In this movie, O'Hara, once again, plays a fiery redhead who likes to tell the man she loves that she wants nothing to do with him. This was her sole role in movies until she got too old. Then she just got cranky with everybody.

    Jeff Chandler was second billed. The movie revolves around his character. He gets more screen time and all the action, but he is sadly lacking in the mammary department.

    They have plenty of Indians in this movie. Too many perhaps. It looks like they didn't all get outfitted in the same wardrobe department. Perhaps some of them simply wandered over from another movie.

    The plot is solid as a rock. There are a bunch of Indians who always attack in small groups. And there is another bunch that are peaceful. So the Army teaches the peaceful bunch how to fight in small groups like the other bunch. And then there is a big battle where everybody forgets their roles and just attacks everybody else en masse.

    And finally Maureen O'Hara gets to model a cool outfit.

    The end.

    This movie gets two stars: One for Ms. O'Hara's physical qualities, and one for her lack of screen time.

    I almost deducted a star for Dennis Weaver's portrayal of an Indian, but it was a relief to see the man walk around without a stick tied to his leg.
  • Warning: Spoilers
    Jeff Chandler and Jay Silverheels, who played Cochise and Geronimo, respectively, in "Broken Arrow" and "Battle at Apache Pass", return for this one. Silverheels is a chief of the rampaging Kiowa, although apparently subservient to the revengeful ex-confederate Captain Corwin! Chandler, as Major Brady, has a role somewhat like that of John Wayne in "Fort Apache", except that here it's the sitting fort commander(Meade), rather than the new guy from the East, who goes strictly by the book and doesn't know how to subdue the Indians. The legendary Indian fighter Ranald Mackenzie took 20 Seminoles with him in his illegal foray across the Rio Grande to bloody the noses of a mixed tribal group, which had been raiding into Texas. It happens that Mackenzie was headquartered at Fort Clark: the fort in the present story, during most of the 1870s, when the present story apparently takes place. Seminoles were moved to near this fort in 1872. In this film, the fictional Brady took this a step further, training the Seminoles to be the primary fighters against the raiding Kiowa, rather than just scouts. Fort commander Meade(John McIntire) sarcastically called them 'Brady's bunch', and wrongly predicted that they would prove no match for the Kiowa. Well, we can't really blame him for this reasonable prediction. However, he forgot that the Seminoles were given the powerful Henry repeater rifles, which their opponents lacked.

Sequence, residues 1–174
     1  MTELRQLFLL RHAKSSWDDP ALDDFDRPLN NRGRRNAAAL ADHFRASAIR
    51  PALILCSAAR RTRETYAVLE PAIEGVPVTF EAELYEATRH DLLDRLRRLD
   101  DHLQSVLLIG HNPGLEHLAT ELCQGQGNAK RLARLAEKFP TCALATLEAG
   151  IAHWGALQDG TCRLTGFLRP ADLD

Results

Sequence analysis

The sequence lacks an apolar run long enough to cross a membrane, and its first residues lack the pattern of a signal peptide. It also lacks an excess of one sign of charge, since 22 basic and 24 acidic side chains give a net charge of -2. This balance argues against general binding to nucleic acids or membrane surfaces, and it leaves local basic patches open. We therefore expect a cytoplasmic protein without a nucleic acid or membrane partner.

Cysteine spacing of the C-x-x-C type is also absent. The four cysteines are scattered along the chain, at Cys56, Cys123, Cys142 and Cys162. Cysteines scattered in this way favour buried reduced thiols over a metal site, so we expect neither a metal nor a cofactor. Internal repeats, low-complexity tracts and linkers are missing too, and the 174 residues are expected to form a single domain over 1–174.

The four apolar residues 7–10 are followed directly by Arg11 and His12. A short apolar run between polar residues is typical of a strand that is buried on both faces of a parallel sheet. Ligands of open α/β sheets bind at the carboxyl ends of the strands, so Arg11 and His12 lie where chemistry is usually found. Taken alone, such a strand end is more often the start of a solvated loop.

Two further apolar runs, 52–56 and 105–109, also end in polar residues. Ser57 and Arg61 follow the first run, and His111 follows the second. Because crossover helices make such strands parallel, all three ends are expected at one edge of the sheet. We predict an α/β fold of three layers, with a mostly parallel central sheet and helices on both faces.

Despite Hollywood films, such as this, Plaines Indians very seldom attacked well built forts, as they typically resulted in too many casualties. Here, the Kiowa were talked into attacking the fort by Corwin, who had an unsound desire to destroy this symbol of Union victory in the late war. What initially appeared to be a Kiowa victory, once they penetrated the fort door(much too easily without dynamite in the wagon!), later turned into a turkey shoot as they tried to escape. As Corwin tussled with Brady, he was shot dead, apparently by Chief Satanta(Silverheels), presumably miffed that Corwin had led his tribe into this disaster. Satanta was then quickly dispatched, symbolizing a probable end to Kiowa raids.